Network Border Elements connect two types of networks to each other, sitting at the edge, or border, of each network. Looking at the data below from Infonetics, you can see a trend developing from back in 2007, which we will explore in more detail in next week’s blog.
The wireline service provider border element of choice back in 2007 was a gateway. Gateways are required to connect IP networks to TDM networks and deal with the media and signaling conversion between the two networks. When voice interconnects between IP and TDM networks, then we need a VoIP gateway to handle all the transcoding and signaling conversion. When video interconnects between these two networks, then we need a video gateway.
You can also see the SBC’s starting to come into the picture, as IP-IP network interoperability started to come into play. Since we don’t have a single gigantic homogeneous IP network, we need border elements on the edges of these IP networks to translate one type of IP signaling to another (for instance, SIP-I to SIP-T), and handle the media transfer, and also to handle the security so the networks can effectively be insulated from each other.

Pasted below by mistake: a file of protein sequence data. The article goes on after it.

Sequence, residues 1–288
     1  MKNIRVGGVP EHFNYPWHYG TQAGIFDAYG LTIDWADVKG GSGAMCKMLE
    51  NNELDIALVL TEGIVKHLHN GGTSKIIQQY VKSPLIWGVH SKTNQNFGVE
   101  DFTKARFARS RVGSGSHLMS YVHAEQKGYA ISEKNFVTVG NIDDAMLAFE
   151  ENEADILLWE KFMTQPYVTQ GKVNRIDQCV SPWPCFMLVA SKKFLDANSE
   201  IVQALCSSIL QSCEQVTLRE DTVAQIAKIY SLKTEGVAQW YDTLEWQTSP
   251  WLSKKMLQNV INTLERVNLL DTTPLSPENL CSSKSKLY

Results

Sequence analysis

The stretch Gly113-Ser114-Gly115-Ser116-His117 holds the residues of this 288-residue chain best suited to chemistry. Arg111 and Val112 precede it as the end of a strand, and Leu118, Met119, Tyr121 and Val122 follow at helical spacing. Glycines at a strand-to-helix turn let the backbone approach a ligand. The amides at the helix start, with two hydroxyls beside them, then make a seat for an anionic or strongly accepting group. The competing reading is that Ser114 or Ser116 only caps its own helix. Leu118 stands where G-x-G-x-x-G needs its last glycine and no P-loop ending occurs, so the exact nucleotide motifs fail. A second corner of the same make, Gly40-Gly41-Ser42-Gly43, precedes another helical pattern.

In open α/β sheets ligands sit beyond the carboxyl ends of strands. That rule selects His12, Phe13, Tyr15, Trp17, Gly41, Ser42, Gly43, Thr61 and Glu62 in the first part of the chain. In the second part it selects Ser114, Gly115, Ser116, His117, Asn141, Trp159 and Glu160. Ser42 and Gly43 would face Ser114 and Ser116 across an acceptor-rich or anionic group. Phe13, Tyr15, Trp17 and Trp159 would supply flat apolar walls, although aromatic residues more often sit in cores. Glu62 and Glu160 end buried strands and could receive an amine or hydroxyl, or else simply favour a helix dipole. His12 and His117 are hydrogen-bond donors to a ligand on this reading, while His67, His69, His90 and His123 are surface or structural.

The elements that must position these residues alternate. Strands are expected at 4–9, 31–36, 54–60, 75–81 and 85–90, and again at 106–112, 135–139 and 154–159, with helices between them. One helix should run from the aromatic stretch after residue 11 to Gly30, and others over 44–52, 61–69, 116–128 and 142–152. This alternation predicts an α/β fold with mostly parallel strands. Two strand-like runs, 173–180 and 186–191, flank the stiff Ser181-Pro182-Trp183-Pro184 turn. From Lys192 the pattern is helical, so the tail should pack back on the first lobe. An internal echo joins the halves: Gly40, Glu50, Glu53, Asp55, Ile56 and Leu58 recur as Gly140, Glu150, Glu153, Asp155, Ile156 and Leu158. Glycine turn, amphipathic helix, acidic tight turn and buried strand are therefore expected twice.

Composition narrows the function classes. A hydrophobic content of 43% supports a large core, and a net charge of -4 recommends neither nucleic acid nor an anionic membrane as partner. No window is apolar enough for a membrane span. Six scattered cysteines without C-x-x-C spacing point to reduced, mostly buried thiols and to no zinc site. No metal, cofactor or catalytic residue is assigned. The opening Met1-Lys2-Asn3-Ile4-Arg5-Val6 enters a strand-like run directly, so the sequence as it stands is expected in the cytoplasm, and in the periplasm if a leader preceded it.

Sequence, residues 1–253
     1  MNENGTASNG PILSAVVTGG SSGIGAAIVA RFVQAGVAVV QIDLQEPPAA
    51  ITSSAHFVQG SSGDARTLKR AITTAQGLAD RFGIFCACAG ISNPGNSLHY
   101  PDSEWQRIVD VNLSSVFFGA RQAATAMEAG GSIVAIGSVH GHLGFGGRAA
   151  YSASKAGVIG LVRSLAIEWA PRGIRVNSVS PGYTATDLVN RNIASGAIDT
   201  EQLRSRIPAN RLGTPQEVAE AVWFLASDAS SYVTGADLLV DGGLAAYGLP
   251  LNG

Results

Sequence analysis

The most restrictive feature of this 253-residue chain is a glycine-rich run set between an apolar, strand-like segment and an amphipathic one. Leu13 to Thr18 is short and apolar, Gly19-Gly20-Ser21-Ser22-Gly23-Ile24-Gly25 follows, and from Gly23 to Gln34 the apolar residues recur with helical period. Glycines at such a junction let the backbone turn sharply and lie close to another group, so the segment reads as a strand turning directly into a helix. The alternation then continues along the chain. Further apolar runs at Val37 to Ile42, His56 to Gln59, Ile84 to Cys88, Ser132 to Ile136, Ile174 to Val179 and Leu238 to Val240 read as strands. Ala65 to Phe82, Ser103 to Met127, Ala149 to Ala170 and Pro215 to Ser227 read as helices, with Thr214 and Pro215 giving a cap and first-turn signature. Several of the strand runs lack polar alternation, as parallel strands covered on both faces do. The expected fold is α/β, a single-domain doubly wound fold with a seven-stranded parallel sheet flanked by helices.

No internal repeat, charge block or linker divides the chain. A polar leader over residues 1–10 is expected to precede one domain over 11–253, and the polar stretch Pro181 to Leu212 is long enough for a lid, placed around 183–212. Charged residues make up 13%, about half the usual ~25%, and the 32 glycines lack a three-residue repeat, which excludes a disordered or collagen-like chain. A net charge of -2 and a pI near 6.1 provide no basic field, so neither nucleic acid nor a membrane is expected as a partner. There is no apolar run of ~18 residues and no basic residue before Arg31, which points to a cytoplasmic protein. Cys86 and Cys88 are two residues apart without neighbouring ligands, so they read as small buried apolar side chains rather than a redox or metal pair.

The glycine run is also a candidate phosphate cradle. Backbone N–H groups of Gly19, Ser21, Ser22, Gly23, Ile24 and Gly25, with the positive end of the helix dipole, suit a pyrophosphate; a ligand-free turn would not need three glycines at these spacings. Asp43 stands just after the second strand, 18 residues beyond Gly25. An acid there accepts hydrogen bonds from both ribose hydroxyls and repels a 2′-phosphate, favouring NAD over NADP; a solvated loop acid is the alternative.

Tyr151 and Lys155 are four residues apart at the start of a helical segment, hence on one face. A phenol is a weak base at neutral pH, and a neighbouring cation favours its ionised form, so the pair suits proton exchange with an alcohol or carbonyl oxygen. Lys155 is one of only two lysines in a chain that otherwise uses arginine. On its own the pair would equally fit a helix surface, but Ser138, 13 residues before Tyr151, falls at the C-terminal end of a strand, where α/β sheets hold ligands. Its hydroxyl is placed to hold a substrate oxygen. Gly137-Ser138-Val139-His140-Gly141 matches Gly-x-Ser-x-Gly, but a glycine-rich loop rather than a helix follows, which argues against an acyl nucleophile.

Together, these two types of edge equipment created a service provider border element market well in excess of $1Billion back in 2007, where it declined and is expected to climb well over $1B again in the future. (Note: If you want to get the full report with the actual figures, please visit the Infonetics website.)
Graph derived from Infonetics data, November 2011
Next week we will explore this graph in more detail.